As a developer, I’m inclined to call out some missing and important parts of kids’ digital media usage: Are interactive screens any better or worse for young children than passive screens? Is passive television viewing worse for a child than a mobile learning game, or connecting with a family member on a tablet using Skype? The answers, as of today, continue to be elusive.

The reality is that screens are everywhere, not all screens are created equal, and most people use them heavily throughout their day.

One 2015 study (Kabali et al) referenced in the AAP documents showed most two year olds in the US use a mobile device on a daily basis, and most one year olds (92%) have used a mobile device. Collectively, 96% of all children ages zero to four have used mobile devices. This data is striking, but especially noteworthy when compared to a 2013 Common Sense Media report (Rideout et al). During the two years between when these studies were conducted, television screen time dropped and mobile screen time quadrupled for this age group. Would you call this a media tipping point? And what recommendations does the AAP have for media creators?

To that end:

  • The AAP asks developers to avoid making any apps for children under 18 months of age.

  • When creating new products, work with a developmental psychologist and an educator to help advise age-appropriate content and digital engagement.

  • Design media products for a dual audience, so parents and children can enjoy a shared media experience together.

  • Provide appropriate, responsive and authentic feedback to the child through your product.

  • Do not include any advertisements. Children of this age group can’t tell the difference between content meant for them or an ad.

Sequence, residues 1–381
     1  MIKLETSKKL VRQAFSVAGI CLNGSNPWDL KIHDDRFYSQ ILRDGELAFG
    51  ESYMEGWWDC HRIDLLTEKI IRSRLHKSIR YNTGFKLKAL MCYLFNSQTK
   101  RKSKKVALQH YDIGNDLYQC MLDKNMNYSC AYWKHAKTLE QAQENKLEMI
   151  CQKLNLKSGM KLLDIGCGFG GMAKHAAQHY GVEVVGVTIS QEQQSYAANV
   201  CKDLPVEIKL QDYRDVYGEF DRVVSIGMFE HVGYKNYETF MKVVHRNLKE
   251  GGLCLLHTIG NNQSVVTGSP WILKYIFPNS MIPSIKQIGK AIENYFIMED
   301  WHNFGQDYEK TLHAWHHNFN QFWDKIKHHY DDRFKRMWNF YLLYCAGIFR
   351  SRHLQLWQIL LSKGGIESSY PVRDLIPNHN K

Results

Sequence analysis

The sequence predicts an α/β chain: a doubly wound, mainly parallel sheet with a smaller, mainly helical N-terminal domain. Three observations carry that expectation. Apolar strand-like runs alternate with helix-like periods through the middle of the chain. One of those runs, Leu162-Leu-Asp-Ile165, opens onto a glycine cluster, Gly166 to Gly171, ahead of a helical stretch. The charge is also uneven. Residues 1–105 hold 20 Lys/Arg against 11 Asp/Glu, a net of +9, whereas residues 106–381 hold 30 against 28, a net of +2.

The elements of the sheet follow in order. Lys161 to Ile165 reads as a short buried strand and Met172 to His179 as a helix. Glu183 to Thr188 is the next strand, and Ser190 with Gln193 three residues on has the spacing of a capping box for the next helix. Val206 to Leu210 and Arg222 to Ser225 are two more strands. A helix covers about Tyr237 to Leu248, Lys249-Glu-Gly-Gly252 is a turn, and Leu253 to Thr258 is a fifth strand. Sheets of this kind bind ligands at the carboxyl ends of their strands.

• Formally test your product for educational value before promoting educational claims.

  • Consider adding parent dashboards or preference areas where a parent can find helpful feedback on their child’s use of the product and/or customize the experience to monitor and limit overall time being used.

The amount of research and information reviewed by the AAP and synthesized across the three policy documents is impressive, and a helpful benchmark for parents, pediatricians and media creators alike. As this ever-evolving conversation continues in the months and years ahead, there will always be a great need for more research that looks at content as well as the latest distribution methods.

Scott Traylor is the founder of 360KID and a consultant to many children’s interactive businesses and products (none of which are referenced in this article). He’s also a former computer science teacher and currently lives in Silicon Valley, searching for the next big opportunity in the children’s industry. Scott can be reached at Scott@360KID.com.